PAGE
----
Thursday, February 10, 2011 As of 6:46 PM EST
America's biggest obsession these days is with a shiny old friend. Though gold's price has tapered off lately, as recently as January it was hitting record highs, prompting everyone from hedge-fund managers to barbers to talk about the yellow stuff.
Steve and Levi Yoder begin their traveling adventure - but say farewell to Sunday Journal readers with the conclusion of their two-and-a-half-year family finance column.
Entrepreneurs operating on a tight budget may be tempted to forgo professional help in preparing their companies' returns. But experts say the investment is typically worthwhile to maximize deductions and avoid penalties.
The rate of fatal occupational injuries for farmers and ranchers is 38.5 per 100,000 full-time workers, versus 4.4 for firefighters, and 13.1 for police and sheriff's patrol officers, according to the most recent Labor Department data.
A new form of inflation is increasingly described in the blogosphere. It better explains the pricing paradox Ben Bernanke has failed to embrace. It's called "biflation." Everything you already own has rapidly declined in value. Everything you need to buy is going up.
Traditional financial advice isn't suddenly all wrong, but many of these axioms no longer result in higher savings or less debt. So it might be a good time to break them -- for now.
The Bond Market
Here's what investing pros are watching for in terms of interest rates and inflation, the housing market and municipal bankruptcies.
Airlines and card-issuers are promoting better perks like free checked bags and generous mileage bonuses, but some of the same old drawbacks remain.
SmartMoney: Suddenly, borrowing against a 401(k) and signing up for more credit cards makes financial sense.
Divorcing couples have long hired mediators to avoid court battles. Now, a growing number of mediators are starting to specialize in resolving disputes that relate to older adults.
The co-author of 1999's "Dow 36,000"—which called for stocks to triple in as little as five years—is now warning investors to protect themselves against another round of financial disasters. Should you care?
Are you paying too much for your ETF? New research tools aim to tell you.
Treasury yields are rising—and that may be bad news for the stock market. Here's what investors need to know.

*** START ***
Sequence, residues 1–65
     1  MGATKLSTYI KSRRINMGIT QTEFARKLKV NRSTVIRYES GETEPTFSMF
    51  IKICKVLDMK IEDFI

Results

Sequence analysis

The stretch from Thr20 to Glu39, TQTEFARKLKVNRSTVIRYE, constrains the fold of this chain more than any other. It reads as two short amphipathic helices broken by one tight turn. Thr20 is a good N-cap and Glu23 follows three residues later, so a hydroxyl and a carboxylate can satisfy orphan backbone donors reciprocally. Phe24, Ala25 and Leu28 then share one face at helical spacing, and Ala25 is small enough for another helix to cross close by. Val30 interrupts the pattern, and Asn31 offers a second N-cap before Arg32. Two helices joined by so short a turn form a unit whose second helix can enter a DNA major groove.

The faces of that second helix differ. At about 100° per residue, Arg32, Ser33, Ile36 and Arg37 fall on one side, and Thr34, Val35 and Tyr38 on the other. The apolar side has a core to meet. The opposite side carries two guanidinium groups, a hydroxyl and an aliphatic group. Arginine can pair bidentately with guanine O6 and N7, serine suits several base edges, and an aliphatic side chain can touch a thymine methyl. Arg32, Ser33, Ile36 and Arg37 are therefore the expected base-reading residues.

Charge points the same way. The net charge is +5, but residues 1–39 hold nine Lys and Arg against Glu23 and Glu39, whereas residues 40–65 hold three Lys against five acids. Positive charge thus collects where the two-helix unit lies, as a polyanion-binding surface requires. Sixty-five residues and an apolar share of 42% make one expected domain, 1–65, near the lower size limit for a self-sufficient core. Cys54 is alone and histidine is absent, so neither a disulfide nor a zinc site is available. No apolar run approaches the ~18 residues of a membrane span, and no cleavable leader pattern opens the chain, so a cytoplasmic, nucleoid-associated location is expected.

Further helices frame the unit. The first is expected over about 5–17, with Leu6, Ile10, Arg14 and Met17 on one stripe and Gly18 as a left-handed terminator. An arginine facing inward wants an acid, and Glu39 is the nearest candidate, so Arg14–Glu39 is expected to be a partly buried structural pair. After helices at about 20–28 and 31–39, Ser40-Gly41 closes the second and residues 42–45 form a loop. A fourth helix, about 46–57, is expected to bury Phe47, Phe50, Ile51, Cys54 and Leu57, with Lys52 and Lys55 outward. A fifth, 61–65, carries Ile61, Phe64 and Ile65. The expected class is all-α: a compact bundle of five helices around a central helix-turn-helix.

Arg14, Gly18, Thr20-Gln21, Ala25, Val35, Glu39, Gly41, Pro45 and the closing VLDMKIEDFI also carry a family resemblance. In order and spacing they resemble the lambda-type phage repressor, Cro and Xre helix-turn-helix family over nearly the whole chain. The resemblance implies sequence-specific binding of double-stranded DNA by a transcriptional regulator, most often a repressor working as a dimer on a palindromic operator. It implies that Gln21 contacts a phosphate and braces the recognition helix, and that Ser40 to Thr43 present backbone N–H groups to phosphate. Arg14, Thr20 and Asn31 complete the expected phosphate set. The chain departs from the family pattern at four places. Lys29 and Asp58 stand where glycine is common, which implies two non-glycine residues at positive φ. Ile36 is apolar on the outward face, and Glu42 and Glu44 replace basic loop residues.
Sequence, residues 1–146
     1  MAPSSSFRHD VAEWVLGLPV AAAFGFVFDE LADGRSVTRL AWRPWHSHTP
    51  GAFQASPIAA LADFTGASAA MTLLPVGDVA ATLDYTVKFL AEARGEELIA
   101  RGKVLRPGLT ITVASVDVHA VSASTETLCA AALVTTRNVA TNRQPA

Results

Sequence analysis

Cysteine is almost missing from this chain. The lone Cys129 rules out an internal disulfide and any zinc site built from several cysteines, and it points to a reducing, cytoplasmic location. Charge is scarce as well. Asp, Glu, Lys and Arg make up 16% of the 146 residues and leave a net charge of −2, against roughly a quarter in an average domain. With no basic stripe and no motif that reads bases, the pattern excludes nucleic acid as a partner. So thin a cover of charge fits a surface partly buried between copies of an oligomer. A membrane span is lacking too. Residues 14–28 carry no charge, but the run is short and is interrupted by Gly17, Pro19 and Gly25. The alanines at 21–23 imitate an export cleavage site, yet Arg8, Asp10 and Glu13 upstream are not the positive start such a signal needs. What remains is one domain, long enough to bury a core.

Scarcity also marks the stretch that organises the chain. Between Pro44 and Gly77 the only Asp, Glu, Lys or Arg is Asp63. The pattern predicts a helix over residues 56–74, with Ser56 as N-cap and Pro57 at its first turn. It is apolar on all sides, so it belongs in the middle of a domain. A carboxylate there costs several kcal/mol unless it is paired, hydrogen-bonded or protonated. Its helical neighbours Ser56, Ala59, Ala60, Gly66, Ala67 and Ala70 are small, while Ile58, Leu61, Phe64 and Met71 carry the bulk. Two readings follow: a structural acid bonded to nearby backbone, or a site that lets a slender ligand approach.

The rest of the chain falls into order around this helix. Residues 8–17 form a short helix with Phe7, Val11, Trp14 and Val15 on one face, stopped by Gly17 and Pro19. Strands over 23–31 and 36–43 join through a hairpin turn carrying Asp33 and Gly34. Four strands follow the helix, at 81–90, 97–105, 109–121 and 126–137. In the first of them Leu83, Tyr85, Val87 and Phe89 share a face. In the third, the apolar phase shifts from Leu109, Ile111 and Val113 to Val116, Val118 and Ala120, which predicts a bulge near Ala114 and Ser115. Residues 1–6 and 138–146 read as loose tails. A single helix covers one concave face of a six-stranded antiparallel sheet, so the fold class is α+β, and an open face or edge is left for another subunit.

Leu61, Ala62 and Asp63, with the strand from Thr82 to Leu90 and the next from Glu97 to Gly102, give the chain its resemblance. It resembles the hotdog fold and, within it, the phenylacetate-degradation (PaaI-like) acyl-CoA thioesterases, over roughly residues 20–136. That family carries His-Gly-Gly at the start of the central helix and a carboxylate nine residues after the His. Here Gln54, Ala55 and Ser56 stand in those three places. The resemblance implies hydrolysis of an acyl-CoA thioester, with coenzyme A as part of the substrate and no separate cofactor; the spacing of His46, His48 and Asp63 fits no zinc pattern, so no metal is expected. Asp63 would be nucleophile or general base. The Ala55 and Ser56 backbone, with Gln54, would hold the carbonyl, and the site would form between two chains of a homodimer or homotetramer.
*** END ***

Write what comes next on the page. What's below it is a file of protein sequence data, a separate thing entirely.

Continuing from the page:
Municipal bonds' prices have slid amid state and city financial stress, and some worry the bonds' troubles could spread, but there are differences between the muni-market turmoil and mortgage woes.
Deal Journal: Analysis of muni-bond hearing
Graphic: Muni-Market Woe
Investing in Funds
Here's how the new approaches work—and tips on the market environments when they make more sense than the traditional capitalization-weighted index funds.
More are using re-enrollments to help employees get their retirement investments on track.
Podcast: What You Need to Keep in Mind
There are better things for U.S. investors to worry about than the takeover of the New York Stock Exchange by Germany's Deutsche Börse.
The Wealth Report
Raising Taxes on the Rich. Cuz the Bible Tells Us So?
Politicians who want to raise taxes on the wealthy tend to use the same fundamental arguments. They talk about fair share. Or rising inequality. Or the excesses and rigged economics of the rich. Minnesota's governor is resurrecting an much older argument: the bible.
More Super-Rich Investors Get U.S. Citizenship
The Lamborghini Yacht
Why You Should Buy That Home Now
The president's proposals for revamping the mortgage industry will make home loans costlier.
5 New Ways to Cut Valentine's Spending
Roses, chocolates and jewelry are more expensive this year; here are ways to save.
Can Buying Generic Lower Your Self-Esteem?
Research shows skipping name brands may make you feel worse about yourself.
The End of Prepaid Tuition Plans?
Can Credit Cards Help You Manage Money?
A new type of reverse mortgage is attracting the attention of affluent borrowers eager to extract cash from their homes. But they need to be aware of the tradeoffs.
Julie Lord, a wealth manager at Bluefin Wealth Management, tells The Wall Street Journal why she favors small cap and value stocks.
Did you work for two or more employers last year? If so, make sure you don't miss out on an easily overlooked tax credit.
Did you hear the one about the retired real-estate agent? He became a comedian—and has never been happier
A couple bet they can build their home on a slim budget and in time for their wedding.
Diminutive, loud, eager, winsome, but a trifle uncoordinated, the Juke is like a caffeinated preschooler, says Dan Neil.
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